A great YA read with a touch of the paranormal and a not-so-typical protagonist
I always enjoying winning a contest. It doesn't happen often, but when it does, it feels fantastic. And all the more so when the prize turns out to be something I really enjoy. I'm pleased to say Farsighted, the debut novel of Emlyn Chand, makes a great prize.
The story revolves around teenager Alex Kosmitoras, who just so happens to be blind. He's managing his world as well as a blind teenager might—which is to say, he doesn't get along so well with his dad, and he has to deal with bullying jerks at school, but he happens to do it with a cane in his hand. Then suddenly, Alex starts having dreams and visions that allow him to "see" in a way he's never seen before. As he struggles to deal with that and figure out what it all means, he also tries to juggle his growing attraction to a new girl in town, as well as deal with his difficult relationship with his father.
Oh... And did I mention, his visions have to do with what appears to be an imminent murder? And the perpetrator has psychic abilities, just as Alex does?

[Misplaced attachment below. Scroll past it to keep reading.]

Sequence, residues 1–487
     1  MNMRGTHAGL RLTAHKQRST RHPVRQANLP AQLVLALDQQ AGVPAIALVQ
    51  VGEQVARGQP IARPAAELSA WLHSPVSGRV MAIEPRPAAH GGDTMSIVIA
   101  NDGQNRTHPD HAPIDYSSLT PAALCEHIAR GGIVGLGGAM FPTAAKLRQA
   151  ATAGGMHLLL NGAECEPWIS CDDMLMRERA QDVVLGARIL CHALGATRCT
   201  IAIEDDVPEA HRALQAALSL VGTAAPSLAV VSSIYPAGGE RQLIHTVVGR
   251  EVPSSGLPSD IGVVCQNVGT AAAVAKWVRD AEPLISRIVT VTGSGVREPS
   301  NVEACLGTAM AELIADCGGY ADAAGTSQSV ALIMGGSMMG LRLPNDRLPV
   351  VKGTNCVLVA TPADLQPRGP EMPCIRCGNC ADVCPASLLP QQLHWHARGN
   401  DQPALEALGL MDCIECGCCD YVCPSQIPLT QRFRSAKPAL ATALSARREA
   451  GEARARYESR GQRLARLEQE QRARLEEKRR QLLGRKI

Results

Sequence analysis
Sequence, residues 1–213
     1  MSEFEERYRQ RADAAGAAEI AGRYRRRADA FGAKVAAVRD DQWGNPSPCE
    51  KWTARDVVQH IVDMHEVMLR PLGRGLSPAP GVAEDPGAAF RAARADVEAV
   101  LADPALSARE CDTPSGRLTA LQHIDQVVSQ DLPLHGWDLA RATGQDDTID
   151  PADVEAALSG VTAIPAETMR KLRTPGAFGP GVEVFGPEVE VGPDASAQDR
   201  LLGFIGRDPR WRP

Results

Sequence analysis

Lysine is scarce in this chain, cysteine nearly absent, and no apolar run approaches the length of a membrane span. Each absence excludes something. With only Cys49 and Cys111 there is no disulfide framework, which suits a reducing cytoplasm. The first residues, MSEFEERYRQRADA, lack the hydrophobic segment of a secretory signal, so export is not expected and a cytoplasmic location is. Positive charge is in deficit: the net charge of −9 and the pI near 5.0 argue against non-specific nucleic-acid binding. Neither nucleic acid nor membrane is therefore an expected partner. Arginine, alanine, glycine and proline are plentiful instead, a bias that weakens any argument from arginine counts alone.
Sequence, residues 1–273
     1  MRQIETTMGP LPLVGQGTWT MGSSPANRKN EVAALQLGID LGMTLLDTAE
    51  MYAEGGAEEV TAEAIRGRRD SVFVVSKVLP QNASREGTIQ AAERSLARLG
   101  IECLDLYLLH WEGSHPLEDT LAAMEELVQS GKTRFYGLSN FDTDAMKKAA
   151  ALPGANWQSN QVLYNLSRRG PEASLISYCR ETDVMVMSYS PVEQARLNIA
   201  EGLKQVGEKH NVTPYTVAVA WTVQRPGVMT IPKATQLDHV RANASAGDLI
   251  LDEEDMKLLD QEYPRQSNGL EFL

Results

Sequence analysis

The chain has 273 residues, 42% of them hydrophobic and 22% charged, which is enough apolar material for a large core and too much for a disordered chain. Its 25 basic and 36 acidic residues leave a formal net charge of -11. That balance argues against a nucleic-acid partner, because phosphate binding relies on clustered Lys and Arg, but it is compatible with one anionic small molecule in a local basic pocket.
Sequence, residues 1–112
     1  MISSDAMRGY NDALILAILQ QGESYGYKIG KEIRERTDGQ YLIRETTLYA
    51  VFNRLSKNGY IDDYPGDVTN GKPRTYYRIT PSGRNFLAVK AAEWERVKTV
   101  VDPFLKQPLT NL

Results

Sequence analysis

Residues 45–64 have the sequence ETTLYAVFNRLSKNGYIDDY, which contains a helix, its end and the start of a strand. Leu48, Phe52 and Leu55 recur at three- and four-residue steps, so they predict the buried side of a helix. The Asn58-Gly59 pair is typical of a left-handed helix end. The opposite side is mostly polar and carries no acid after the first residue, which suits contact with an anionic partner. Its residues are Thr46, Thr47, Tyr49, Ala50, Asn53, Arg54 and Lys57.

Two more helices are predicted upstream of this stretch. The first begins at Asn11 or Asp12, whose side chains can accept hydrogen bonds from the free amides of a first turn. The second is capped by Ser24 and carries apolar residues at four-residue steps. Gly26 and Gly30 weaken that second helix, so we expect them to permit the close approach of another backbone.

This makes for a great, tense plot that balances the Sturm und Drang of adolescence. There's drama, all right, but it's adult enough that older teens and even adults will enjoy the story as much as the mid-teens who make up the books primary target audience.
By using a blind protagonist, Chand gives us the type of character we don't often encounter. She does a wonderful job of presenting Alex's world—a place without visuals, but alive with sounds and smells. As a writer myself, I know how easy it is to rely on the sense of sight to describe a room or a character or a scene. Chand can't do that with a character who is blind. But she does so well with tapping the other senses and helping us envision what life is like for Alex that it is a delight to walk around in his shoes, even though he is a moody teen at times. (But who isn't?)
The supporting characters are drawn well, and eventually we get to understand why Alex's father acts the way he acts. I will admit I was puzzled at one point by Alex's mother, who has a reaction to her husband leaving and returning that essentially made no sense to me. But given that the rest of the book is so enjoyable, and given that the mother's reaction isn't vital to the resolution of the plot, I could live with it.
There are some unexpected twists to the plot, and by the end of the book, I was ready for more. Chand is working on the sequel, which I'm truly looking forward to reading. (Hurry up, please! Hahaha!)
Overall, Farsighted is a satisfying read for teens on up. If you like a good thriller with a good dash of the paranormal, you'll like this book.
For more information about Emlyn Chand or Farsighted, visit her website. And if you buy the book, tell her the Chipper Muse sent you. (It always helps writers to know how their readers found their book.)
Copyright (c) 2012 by M.A. Chiappetta. All rights reserved.